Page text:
In the distance, a truculent flood of water gushed over a high wall of rock with such force it left her breathless. Airborne droplets gave birth to such an unusual rainbow that she was entranced: a pale green arch, lined with pastel reds and yellows. The presence of phosphorescence caused the green to shine. Tall reeds in oranges and reds grew from the surface of the river, spreading feather-like tentacles over the water’s surface.

The setting is perfect for good food, and Jenny did her best with the natural food that grew on the planet. Naming the feasts she prepared was less adventurous though, she still had ‘bacon and eggs’, ‘spaghetti Bolognese’ and ‘ice cream’ but while they may have looked similar to the real thing they definitely tasted differently!


Thanks for stopping by to share your food for thought, Louise!


You can find Louise here:









Louise Wise is a British author from the Midlands in England. Her debut novel is the acclaimed sci-fi romance titled EDEN, which was followed by its sequel HUNTED in 2013. 

Writing under the name of T. E Kessler the forthcoming, JELVIA: NOT HUMAN series is themed on the above Eden and Hunted books and have mature themes. HOLDING OUT FOR A HERO book 1 and SURVIVING HER DOMINATE book 2, and book 3 SPIDER will follow in 2020. Wise chose to use T. E Kessler to differentiate from her non-erotic books, which include:
EDEN (sci-fi romance), HUNTED (sci-fi romance), A PROPER CHARLIE (romantic comedy), OH NO, I'VE FALLEN IN LOVE! (dark, comedy romance), and WIDE AWAKE ASLEEP (time travel, romance).

Wise enjoys writing comedy and finds a place for it in ALL her books. She has written numerous short stories for women's magazines such as Take a Break and Woman's Own.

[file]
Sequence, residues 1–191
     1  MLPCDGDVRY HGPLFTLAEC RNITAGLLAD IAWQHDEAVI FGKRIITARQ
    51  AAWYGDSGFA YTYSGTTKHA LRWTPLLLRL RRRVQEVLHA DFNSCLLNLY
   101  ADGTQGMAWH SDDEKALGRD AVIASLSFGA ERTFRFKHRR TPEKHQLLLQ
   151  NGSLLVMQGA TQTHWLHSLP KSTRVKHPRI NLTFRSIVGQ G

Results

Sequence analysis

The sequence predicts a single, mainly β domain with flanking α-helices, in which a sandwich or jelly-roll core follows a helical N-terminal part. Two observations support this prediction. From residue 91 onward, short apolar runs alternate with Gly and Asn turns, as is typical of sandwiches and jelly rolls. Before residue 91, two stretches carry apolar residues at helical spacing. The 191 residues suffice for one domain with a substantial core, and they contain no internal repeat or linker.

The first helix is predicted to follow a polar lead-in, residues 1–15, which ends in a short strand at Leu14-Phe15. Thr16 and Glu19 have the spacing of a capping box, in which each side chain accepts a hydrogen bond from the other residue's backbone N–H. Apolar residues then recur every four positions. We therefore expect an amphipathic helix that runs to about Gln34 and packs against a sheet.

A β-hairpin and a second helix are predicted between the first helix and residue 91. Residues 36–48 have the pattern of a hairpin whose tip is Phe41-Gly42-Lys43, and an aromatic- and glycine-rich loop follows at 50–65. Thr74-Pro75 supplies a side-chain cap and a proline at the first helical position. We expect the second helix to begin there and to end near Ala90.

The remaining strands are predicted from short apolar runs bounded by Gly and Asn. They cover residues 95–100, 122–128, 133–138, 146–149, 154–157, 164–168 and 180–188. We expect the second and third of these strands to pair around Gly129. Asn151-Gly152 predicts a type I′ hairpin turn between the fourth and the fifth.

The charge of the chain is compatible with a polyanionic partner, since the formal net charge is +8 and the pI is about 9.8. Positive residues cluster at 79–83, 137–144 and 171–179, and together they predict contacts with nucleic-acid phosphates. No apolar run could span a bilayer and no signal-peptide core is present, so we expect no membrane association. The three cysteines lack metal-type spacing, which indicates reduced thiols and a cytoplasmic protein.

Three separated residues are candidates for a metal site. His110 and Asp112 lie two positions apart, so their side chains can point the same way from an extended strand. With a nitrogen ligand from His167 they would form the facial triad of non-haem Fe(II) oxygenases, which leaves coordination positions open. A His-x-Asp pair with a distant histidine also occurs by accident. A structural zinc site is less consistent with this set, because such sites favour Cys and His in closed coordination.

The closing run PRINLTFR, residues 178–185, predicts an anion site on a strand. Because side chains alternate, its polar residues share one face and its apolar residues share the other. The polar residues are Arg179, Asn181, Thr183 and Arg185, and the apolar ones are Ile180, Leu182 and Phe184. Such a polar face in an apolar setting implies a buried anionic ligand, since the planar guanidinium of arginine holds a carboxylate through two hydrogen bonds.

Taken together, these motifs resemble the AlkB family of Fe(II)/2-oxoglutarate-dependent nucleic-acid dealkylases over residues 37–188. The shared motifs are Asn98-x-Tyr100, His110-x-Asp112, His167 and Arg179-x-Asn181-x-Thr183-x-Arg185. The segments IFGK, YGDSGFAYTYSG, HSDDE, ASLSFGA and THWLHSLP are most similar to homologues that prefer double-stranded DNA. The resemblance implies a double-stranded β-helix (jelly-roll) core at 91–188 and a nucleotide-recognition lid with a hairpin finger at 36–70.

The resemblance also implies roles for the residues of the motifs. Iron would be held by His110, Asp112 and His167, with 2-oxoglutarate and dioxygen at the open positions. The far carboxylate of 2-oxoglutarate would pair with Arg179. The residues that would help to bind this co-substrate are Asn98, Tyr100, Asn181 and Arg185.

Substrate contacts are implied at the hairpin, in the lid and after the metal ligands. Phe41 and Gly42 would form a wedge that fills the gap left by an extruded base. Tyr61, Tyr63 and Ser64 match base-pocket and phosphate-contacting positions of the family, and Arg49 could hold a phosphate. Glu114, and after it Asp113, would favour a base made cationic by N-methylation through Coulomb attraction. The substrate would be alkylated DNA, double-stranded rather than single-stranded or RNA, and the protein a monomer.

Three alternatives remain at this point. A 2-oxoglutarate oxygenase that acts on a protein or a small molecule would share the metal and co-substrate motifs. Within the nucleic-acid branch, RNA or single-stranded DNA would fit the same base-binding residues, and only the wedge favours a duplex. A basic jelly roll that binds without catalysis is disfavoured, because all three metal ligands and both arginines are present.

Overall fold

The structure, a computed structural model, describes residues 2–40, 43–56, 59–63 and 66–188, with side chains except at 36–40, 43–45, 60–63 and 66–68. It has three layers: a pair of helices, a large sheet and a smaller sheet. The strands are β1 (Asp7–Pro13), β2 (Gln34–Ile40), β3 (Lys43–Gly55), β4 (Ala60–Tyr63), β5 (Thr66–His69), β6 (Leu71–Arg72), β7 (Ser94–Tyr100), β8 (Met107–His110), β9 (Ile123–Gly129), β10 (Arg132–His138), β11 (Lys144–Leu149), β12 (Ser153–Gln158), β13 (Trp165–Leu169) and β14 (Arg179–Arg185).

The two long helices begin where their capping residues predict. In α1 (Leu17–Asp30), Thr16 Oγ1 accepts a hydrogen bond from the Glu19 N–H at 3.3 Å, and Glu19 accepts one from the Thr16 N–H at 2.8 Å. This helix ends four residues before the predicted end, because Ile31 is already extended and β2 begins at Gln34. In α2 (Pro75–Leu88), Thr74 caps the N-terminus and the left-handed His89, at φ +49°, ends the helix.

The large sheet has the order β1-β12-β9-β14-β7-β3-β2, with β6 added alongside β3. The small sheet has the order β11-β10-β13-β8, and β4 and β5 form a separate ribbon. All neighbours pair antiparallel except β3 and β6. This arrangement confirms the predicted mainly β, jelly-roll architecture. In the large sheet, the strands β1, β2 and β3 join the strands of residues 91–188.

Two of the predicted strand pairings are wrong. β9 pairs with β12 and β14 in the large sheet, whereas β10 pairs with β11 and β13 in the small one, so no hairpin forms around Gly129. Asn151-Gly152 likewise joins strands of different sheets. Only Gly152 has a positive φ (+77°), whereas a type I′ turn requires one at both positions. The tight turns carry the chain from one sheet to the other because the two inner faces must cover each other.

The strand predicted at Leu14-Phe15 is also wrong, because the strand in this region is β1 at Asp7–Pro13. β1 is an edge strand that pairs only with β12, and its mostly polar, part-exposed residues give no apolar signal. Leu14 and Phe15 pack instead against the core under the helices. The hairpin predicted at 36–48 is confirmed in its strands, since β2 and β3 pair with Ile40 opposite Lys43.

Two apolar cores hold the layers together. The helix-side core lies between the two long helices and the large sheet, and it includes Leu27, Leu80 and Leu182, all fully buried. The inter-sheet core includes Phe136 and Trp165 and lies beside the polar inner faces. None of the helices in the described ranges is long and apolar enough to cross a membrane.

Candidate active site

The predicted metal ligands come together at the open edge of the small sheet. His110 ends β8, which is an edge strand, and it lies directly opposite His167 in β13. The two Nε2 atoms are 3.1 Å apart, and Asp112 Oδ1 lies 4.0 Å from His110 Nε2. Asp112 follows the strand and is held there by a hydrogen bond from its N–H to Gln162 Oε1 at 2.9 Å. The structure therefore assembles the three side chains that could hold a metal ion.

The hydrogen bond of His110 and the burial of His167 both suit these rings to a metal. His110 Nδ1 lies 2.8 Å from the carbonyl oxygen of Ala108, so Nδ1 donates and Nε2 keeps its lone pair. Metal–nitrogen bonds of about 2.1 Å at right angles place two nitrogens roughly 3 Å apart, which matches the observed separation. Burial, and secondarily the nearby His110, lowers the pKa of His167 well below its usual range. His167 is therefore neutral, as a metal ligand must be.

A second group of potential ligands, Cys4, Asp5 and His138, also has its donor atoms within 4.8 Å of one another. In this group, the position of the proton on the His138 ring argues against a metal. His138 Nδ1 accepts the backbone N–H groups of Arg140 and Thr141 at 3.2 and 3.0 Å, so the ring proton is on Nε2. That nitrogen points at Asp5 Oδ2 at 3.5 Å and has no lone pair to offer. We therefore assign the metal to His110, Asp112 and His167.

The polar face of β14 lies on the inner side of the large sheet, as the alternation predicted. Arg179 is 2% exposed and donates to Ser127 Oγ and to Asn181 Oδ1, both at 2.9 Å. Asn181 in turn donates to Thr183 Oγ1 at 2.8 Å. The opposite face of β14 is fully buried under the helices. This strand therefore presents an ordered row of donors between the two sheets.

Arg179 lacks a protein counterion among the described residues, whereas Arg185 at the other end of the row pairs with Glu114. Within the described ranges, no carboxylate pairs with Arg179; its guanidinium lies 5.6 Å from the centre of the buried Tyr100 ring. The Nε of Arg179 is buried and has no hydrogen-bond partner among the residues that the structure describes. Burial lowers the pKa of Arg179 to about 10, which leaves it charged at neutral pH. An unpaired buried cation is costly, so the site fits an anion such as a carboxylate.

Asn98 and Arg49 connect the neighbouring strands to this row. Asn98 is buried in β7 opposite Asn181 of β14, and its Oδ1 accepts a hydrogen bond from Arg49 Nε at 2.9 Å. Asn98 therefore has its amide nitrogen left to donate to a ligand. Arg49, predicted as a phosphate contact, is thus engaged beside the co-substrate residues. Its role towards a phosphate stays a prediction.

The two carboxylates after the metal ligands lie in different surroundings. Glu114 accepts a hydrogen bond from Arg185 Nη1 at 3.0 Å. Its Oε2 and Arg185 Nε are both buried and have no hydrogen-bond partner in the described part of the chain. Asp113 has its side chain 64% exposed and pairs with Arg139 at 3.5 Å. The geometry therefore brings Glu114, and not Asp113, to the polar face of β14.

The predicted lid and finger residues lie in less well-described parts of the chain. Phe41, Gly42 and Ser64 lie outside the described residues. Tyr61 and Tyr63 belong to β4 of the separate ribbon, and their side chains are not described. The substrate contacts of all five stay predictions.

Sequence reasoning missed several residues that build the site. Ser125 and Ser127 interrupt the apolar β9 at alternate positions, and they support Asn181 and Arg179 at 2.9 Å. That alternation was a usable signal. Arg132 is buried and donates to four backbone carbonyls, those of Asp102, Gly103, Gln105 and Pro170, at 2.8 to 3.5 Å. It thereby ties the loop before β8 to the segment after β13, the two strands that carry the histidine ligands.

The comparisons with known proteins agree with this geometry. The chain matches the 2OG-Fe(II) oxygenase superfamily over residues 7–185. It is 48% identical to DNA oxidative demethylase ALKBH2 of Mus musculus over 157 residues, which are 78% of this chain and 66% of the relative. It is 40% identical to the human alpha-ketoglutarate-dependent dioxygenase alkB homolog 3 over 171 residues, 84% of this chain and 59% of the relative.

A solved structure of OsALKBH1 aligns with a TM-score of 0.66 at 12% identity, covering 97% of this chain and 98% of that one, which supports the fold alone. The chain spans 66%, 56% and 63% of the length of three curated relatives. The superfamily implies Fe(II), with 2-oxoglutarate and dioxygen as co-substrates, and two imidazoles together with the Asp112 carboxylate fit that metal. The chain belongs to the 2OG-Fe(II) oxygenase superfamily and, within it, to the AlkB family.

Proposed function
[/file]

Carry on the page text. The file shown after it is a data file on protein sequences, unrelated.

Blurb for Eden #1

Imagine yourself stranded.
With no way of getting home.
Ever.
You’ve no communication, no shelter, no food.
No weapons.
Now imagine this place is another planet.
Then you realise you aren’t alone after all . . .


Blurb for Hunted #1

Jenny's from Earth. Fly's from Itor. By a quirk of fate they met. She tamed him and they fell in love.

Now, they live an idyllic life away from the wolf-like people and savage tribes of Neanderthals that prowl Eden. But things are changing outside their little kingdom. The wolf-people are disbanding and someone, or something, appears to be hunting the Neanderthals.


The signs are there that their world is changing—only they fail to notice straight away, and when they do, they don’t have much time to prepare.

Friday, October 11, 2019

FOODFIC: Please Welcome Beem Weeks, Author of Strange Hwy



Melanie is the ten-year-old POV character of my short story called "Monster," found in my collection entitled Strange Hwy. She’s going trick-or-treating with her older sister Millicent and a pair of neighborhood boys. As the older sister, Millicent has a knack for cheating the younger out of the good treats. And by good treats, I mean the chocolate bars and Skittles—those snacks a girl won’t mind spending her allowance on when it’s not Halloween.